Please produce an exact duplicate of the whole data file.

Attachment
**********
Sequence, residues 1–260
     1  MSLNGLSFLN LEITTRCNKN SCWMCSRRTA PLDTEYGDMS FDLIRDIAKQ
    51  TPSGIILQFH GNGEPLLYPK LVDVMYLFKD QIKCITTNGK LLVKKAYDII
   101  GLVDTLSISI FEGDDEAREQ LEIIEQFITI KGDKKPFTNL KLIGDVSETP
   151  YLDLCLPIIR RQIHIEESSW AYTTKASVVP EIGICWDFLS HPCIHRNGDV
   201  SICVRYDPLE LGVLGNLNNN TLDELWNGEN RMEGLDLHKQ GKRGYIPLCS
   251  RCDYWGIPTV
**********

Sequence, residues 1–260
     1  MSLNGLSFLN LEITTRCNKN SCWMCSRRTA PLDTEYGDMS FDLIRDIAKQ
    51  TPSGIILQFH GNGEPLLYPK LVDVMYLFKD QIKCITTNGK LLVKKAYDII
   101  GLVDTLSISI FEGDDEAREQ LEIIEQFITI KGDKKPFTNL KLIGDVSETP
   151  YLDLCLPIIR RQIHIEESSW AYTTKASVVP EIGICWDFLS HPCIHRNGDV
   201  SICVRYDPLE LGVLGNLNNN TLDELWNGEN RMEGLDLHKQ GKRGYIPLCS
   251  RCDYWGIPTV